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Africa Must Prioritise Water in Its Development Agenda

Africa must now go beyond household water access indices to embrace water as a key development issue, say experts at the Jan. 15-17 U.N. International Water Conference in Zaragoza. Credit: Miriam Gathigah/IPS

ZARAGOZA, Jan 15 2015 (IPS) - Although African countries have been lauded for their efforts towards ensuring that people have access to safe drinking water in keeping with Millennium Development Goals (MDGs), they have nonetheless come under scrutiny for failure to prioritise water in their development agendas.

Thomas Chiramba, Head of Freshwater Ecosystems Unit at the U.N. Environment Programme (UNEP) in Kenya, told IPS that in spite of progress on the third component of MDG7 – halve the proportion of the population without sustainable access to safe drinking water and basic sanitation by 2015 – water scarcity still poses a significant threat to sustainable development in Africa.

Attending the United Nations’ International Water Conference being held in this Spanish city from Jan. 15-17,  he said that “there is too much focus on household water access indices and not enough on linkages between water and sustainable development.”

While there are now more people in Africa with improved sources of water and sanitation, experts say that this is not enough. The continent is still facing water scarcity, with negative implications for growth and health.

While there are now more people in Africa with improved sources of water and sanitation, experts say that this is not enough. The continent is still facing water scarcity, with negative implications for growth and health.

In view of the rapid and unpredictable changes in environmental systems, Chiramba said that unless Africa broadens its national and international water goals the region will find it difficult to remain economically resilient.

“Water is key to the agricultural and energy sectors, both critical to accelerating growth and development in Africa,” he added.

The theme of the Zaragoza conference is ‘Water and Sustainable Development: From Vision to Action’ and is at the heart of adaptation to climate, also serving as a key link among climate systems, human society and environment.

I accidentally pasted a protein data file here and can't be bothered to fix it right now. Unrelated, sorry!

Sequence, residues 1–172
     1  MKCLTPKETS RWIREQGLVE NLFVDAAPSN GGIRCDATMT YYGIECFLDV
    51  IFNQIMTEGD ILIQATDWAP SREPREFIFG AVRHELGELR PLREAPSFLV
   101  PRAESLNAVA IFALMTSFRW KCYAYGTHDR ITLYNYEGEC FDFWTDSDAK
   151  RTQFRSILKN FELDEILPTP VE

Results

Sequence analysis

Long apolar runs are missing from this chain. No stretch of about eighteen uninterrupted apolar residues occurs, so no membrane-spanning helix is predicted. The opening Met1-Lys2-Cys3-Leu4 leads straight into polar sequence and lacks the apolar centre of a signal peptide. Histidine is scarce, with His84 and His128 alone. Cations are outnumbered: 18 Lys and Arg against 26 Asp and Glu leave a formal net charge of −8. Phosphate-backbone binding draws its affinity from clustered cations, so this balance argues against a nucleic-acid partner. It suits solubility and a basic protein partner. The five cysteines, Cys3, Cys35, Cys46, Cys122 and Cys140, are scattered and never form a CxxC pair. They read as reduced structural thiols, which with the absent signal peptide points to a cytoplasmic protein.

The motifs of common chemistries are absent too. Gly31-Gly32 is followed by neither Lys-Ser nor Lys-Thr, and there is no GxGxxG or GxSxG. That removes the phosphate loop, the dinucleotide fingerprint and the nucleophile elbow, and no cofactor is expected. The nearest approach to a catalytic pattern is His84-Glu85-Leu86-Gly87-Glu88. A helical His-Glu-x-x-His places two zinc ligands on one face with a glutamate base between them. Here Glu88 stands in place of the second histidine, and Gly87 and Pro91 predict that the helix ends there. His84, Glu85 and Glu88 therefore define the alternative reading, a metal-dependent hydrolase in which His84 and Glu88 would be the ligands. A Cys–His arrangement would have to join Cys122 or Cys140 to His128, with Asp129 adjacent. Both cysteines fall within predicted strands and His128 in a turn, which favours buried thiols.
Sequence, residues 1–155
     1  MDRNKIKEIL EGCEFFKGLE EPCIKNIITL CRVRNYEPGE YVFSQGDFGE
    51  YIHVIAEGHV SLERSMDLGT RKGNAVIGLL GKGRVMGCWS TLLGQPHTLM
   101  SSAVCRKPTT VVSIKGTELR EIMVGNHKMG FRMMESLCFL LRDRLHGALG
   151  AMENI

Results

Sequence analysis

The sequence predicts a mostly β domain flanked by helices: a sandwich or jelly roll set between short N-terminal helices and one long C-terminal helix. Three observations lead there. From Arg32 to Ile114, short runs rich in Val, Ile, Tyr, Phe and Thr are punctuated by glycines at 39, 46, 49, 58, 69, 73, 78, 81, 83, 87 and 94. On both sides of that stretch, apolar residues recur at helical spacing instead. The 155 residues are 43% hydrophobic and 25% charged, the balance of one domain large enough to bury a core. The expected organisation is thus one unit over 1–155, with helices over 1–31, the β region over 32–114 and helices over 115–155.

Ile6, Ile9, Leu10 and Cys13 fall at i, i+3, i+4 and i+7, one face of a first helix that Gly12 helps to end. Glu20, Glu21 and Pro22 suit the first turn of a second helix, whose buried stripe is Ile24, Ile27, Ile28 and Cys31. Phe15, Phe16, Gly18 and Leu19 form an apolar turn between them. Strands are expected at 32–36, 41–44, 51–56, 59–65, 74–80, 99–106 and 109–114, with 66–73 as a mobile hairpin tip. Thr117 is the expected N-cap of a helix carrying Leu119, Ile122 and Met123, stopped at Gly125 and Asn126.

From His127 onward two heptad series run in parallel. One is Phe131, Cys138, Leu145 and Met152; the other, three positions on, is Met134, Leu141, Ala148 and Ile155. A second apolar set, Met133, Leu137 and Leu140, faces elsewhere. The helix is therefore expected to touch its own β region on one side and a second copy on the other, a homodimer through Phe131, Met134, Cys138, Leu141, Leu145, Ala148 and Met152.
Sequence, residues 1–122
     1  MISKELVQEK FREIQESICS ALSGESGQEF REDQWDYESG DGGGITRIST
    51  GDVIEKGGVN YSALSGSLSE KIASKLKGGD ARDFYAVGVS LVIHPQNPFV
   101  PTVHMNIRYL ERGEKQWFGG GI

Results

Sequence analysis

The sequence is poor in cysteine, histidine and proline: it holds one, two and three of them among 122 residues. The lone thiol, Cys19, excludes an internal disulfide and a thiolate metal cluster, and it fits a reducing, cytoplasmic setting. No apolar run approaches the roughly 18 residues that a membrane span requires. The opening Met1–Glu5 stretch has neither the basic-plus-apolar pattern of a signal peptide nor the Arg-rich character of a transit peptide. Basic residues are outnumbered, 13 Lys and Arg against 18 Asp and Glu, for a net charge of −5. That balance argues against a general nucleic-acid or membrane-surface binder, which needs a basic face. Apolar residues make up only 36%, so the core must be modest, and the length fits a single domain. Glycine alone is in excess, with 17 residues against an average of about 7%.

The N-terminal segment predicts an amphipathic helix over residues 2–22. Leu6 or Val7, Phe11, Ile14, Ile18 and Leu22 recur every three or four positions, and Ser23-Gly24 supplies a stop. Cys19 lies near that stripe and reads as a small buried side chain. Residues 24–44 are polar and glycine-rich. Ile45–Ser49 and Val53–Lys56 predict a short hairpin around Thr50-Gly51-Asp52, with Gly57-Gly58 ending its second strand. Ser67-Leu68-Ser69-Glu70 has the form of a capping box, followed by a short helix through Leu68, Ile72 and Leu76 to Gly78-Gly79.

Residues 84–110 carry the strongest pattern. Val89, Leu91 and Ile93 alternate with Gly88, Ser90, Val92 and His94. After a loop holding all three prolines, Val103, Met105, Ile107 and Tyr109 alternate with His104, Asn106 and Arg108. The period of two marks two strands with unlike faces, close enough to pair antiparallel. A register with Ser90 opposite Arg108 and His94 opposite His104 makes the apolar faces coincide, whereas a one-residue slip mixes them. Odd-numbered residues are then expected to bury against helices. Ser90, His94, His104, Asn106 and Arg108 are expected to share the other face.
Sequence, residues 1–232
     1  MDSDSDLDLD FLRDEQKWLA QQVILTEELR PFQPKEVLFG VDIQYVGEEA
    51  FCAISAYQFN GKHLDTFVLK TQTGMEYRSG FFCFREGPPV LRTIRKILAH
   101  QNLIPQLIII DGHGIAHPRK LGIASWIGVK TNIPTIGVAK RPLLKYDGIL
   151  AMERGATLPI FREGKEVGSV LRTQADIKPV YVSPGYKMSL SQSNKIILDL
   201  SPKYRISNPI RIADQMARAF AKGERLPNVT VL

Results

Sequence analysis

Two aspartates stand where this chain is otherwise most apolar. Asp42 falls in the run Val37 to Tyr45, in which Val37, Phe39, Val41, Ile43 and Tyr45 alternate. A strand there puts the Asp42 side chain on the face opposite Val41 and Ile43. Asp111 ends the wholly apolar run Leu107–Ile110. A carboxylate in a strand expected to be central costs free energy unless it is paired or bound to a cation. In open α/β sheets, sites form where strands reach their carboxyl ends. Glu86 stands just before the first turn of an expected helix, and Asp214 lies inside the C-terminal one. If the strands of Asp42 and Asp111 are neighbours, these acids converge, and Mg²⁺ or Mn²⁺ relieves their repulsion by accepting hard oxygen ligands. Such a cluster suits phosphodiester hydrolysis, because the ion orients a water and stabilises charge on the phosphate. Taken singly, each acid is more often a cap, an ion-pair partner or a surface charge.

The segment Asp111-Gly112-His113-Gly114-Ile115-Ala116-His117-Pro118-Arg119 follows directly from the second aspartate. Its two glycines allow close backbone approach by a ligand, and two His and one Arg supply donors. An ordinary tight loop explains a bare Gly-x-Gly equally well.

One of the main aims of the conference is to develop implementing tools, with regard to financing, technology, capacity development and governance frameworks, for initiating the post-2015 agenda on water and sanitation.

More than 300 participants representing U.N. agencies and programmes, experts, the business community, and governmental and non-governmental organisations have converged with the main aim of addressing water as a sustainable development goal.

“Although water goals and targets were achieved under the MDGs, the main focus was on Water, Sanitation and Hygiene (WASH), all geared towards poverty reduction,” said Chiramba. “But there was no explicit focus on addressing the sustainability aspect.”

As a result, say experts, water management issues were never comprehensively addressed at the national or international level, nor was the key role that water can play in growing the various sectors of the economy.

This year is also the last year of the International Decade for Action ‘Water for Life’ which began in 2005, and will set the tone for World Water Day to be marked on March 22, which will also focus on ‘water and sustainable development’.

The primary goal of the ‘Water for Life’ Decade has been to promote efforts to fulfil international commitments made on water and water-related issues by 2015. The Water Decade has served to forge cooperation at all levels so that the water-related goals of the Millennium Declaration are achieved.

The end of the Decade also marks the beginning of new water campaigns, “this time, with great focus on the impact of water on development,” said Chiramba.

The Zaragoza water conference has brought to the fore the fact that the Decade has achieved the difficult task of isolating water issues as key to the development agenda and has provided a platform for governments and stakeholders to address the threats that water scarcity poses to development, experts say.

“It has also been a platform for stakeholders and government to discuss the opportunities that exist in exploiting water as a resource,” said Alice Shena, a civil society representative at the event.

As a result of the Water Decade, Shena noted, a broader international water agenda has been established that goes beyond universal access to safe drinking water, sanitation and hygiene.

“The agenda now includes the sustainable use and development of water resources, increasing and sharing the available benefits which have significant implications for every sector of the economy,” she said.

According to environment expert Nataliya Nikiforova, as a new era of development goals begins under the Sustainable Development Goals (SDGs), it is clear that water will play a critical role in development.

She said  that if managed efficiently and equitably, water can play a key enabling role in strengthening the resilience of social, economic and environmental systems in the light of rapid and unpredictable changes.

Edited by Phil Harris

 
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